Looks like LSU might not get the money needed to build their shiny new hospital after all – they should have refurbished the existing building by now instead of gambling on the pipe-dream of FEMA paying for a new building
The 10pm news with Dr. Randolph Green admitting to holding back on information concerning the new hospital.
NEW ORLEANS – Supporters of a new LSU Medical Center have remained tight-lipped about their plans for the project and why it is needed for New Orleans, until now. Some worry the prolonged silence, coupled with strong, vocal opposition could harm their efforts to build brand new. “Yes, we have been silent, but I’m tired of it. I’ve decided I’m going to speak out,” said Dr. Randolph Green, chairman of the LSU Health Sciences Center Foundation.
Green is also a staunch supporter of an all new, LSU Academic Medical Center, and worries if supporters of the project continue their silence, a potential $1.2 billion dollar economic engine for New Orleans and the state could be lost for good.
He blames political agendas, preservationists and other detractors who he says have spread false information about a project he says would only bring more jobs, more money – and greater improvements to a city still reeling from Katrina. “The fact is that these are blighted areas of our community that will remain blighted unless we seize the opportunity to change it and the neighborhood into something very special,” Green said.
As part of LSU’s now open approach, Dr. John Lombardi, LSU system president, came to New Orleans Wednesday night to explain why a new medical center is essential, and how they can make it happen where all universities here would be supported, and so the state isn’t forced to fit the entire bill. “We figured out through LSU a mechanism to have a private not-for-profit corporation affiliated with LSU capable of getting bonds, building a medical center. We are in the process of accomplishing that. It is the same mechanism we used to build Tiger Stadium so we know it works,” said Lombardi.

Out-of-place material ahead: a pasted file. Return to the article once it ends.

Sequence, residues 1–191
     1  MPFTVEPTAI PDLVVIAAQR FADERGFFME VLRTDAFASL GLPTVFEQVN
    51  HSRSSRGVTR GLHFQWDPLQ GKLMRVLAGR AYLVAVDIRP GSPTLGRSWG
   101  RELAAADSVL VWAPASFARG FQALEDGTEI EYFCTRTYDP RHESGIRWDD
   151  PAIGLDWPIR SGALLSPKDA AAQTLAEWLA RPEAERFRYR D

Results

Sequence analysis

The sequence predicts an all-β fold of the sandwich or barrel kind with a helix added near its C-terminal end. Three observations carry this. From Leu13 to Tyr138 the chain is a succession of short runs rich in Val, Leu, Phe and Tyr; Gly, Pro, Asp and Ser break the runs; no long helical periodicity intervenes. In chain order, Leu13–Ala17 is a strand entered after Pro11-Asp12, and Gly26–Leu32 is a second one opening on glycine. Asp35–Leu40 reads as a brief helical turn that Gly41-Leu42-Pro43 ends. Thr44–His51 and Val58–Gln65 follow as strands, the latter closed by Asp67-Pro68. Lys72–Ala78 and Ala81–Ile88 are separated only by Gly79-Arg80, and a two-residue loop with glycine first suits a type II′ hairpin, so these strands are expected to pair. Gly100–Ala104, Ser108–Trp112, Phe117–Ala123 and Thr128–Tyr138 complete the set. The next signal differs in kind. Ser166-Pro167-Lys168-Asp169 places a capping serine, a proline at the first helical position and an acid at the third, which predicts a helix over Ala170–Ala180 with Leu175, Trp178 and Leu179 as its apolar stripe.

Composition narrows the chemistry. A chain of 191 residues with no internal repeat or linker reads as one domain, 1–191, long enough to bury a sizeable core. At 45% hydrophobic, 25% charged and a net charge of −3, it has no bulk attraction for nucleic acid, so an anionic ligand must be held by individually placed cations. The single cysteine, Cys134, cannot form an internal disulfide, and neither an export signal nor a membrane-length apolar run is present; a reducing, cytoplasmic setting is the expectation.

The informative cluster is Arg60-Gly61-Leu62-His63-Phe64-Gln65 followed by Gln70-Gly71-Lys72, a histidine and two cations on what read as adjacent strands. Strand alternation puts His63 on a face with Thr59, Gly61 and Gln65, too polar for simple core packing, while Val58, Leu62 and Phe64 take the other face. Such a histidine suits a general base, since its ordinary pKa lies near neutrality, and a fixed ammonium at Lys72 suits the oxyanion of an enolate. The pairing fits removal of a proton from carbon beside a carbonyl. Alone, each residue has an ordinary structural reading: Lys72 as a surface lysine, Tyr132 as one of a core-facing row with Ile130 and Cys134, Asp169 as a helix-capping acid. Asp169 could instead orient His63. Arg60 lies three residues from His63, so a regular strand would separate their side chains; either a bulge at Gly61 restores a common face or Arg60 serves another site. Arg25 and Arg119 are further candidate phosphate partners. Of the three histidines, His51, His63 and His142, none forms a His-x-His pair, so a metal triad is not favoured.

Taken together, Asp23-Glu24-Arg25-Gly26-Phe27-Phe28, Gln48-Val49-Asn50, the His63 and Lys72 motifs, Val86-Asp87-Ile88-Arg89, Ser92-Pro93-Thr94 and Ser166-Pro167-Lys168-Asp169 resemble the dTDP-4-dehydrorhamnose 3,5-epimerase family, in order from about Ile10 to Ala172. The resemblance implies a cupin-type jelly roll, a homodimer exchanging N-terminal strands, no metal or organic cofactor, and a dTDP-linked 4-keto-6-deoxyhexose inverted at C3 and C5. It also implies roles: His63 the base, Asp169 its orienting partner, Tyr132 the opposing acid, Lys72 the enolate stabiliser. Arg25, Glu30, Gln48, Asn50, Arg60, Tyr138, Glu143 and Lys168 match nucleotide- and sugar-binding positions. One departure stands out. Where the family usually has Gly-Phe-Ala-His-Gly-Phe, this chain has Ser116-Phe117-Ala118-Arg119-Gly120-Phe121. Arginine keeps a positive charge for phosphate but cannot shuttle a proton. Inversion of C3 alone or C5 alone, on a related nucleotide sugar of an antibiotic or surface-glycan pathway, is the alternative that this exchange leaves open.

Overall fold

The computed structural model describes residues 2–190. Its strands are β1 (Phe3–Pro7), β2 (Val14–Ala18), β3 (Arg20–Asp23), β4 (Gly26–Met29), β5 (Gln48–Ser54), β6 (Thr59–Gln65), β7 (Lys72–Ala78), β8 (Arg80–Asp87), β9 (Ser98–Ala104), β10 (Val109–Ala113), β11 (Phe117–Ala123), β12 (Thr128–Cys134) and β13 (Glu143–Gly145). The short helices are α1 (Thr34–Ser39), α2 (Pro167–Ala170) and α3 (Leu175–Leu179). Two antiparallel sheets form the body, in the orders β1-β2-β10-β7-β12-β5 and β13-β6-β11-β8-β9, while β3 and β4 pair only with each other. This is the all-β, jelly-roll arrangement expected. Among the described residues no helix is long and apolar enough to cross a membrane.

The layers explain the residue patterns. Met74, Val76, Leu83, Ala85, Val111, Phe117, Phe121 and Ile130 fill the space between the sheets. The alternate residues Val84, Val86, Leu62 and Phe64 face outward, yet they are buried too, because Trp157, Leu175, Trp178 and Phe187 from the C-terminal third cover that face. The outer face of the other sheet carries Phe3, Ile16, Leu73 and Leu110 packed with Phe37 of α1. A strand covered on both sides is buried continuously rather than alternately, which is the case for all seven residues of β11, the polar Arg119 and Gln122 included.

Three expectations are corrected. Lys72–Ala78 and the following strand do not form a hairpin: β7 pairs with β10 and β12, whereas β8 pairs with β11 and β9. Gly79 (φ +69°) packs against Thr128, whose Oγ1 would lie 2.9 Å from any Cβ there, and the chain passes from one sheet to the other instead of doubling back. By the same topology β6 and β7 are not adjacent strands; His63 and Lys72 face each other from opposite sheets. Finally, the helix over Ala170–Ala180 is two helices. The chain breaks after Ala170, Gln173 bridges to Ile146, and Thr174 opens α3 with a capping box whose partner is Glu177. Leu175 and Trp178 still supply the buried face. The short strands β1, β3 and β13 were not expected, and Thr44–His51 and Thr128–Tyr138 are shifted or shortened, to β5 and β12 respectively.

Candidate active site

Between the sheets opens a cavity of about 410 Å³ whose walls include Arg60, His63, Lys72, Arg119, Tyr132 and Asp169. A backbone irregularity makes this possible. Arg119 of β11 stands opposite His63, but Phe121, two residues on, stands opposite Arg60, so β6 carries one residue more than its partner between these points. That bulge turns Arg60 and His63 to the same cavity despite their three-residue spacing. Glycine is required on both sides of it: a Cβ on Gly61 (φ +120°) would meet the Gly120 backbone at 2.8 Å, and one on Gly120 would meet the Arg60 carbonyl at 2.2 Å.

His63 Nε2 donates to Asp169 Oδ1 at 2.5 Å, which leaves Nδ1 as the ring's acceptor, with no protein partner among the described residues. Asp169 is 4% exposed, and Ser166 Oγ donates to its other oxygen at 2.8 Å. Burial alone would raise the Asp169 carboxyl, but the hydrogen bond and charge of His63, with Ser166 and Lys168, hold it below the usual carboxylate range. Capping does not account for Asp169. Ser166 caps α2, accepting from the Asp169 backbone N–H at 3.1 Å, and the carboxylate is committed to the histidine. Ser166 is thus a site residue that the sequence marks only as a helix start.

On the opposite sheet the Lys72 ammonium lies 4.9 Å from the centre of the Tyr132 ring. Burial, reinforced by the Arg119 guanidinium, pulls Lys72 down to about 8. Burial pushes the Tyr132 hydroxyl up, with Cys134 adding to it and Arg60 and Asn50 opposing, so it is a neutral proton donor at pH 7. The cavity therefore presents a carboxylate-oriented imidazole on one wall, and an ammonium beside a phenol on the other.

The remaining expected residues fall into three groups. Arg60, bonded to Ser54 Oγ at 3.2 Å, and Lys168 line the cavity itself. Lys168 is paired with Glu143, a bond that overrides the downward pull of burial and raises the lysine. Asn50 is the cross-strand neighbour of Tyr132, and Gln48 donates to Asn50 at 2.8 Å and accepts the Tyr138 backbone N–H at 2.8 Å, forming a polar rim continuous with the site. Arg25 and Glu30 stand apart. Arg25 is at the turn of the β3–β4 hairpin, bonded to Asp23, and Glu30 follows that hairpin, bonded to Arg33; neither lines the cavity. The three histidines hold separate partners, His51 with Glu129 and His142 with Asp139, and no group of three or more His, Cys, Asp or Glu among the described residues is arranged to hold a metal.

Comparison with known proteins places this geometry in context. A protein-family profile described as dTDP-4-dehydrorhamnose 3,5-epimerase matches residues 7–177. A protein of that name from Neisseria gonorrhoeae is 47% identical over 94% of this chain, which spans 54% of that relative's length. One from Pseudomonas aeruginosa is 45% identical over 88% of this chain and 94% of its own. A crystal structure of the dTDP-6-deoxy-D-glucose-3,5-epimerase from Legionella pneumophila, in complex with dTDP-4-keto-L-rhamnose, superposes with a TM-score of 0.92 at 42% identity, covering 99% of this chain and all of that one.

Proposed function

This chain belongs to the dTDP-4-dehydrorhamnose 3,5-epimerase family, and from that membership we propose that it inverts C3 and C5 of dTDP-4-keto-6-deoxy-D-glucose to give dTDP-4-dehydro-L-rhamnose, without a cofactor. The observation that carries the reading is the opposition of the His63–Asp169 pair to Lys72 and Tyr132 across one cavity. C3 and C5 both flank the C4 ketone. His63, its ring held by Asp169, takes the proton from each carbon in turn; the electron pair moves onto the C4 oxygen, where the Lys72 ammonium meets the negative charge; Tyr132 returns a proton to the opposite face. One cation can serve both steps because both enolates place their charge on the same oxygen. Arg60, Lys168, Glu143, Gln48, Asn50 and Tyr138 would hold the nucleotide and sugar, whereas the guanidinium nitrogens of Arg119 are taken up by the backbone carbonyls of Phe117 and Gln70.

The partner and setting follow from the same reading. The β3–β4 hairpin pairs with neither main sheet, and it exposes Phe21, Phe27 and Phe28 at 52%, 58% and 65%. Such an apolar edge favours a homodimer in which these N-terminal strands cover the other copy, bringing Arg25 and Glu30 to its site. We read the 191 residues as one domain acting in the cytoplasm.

The key is getting the backing of all, but some residents who support restoring Charity Hospital are still hesitant, and point to the latest action in Baton Rouge, as a small success in their direction. “House Bill 780 has the opportunity to say look, show us the financing, the reality, and don’t do anything until it is in place,” said Brad Ott, who heads a committee to restore Charity Hospital.
“There have been residents who say we support a hospital, and we are glad to move if given a fair price and it is not going to be a wasted move,” he said. Green worries such action in the midst of a fight with FEMA over federal dollars – and in looking toward Washington for support – puts the project in further limbo.
“Every time we have detractors, people throwing shots at us left and right about this project, about LSU trying to create a medical complex empire, they (in Washington) are watching and realize if we can’t get our act together, that money is out the window,” said Green.
As for the ongoing feud with FEMA on the $492 million, Dr. Lombardi said they are suing FEMA and pursuing all administrative and legal avenues to get those funds, critical to a new LSU Medical Center.
Exactly WHY would these “movers and shakers” feel the need to be so tight lipped? If public funds are being used to build this albatross, then their silence should be overturned. There is the reason why John Kennedy and House Representative Ricky Nowlin from Natchitoches are placing this entire process under a microscope
According to this article from the TP, the state is almost ready to acquire the land in lower Mid-City to build the new hospital.
…state authorities say they are within weeks of securing much of the necessary land, with no intentions of altering course as House Bill 780 by Rep. Rick Nowlin, R-Natchitoches, moves through the Legislature.”I have no plans to stop what I’m doing,” said Pam Perkins, general counsel for the Division of Administration. Perkins is leading the team conducting title searches, appraisals, negotiations with property owners and, where needed, expropriation of 70 acres for the state teaching hospital and adjacent U.S. Department of Veterans Affairs hospital.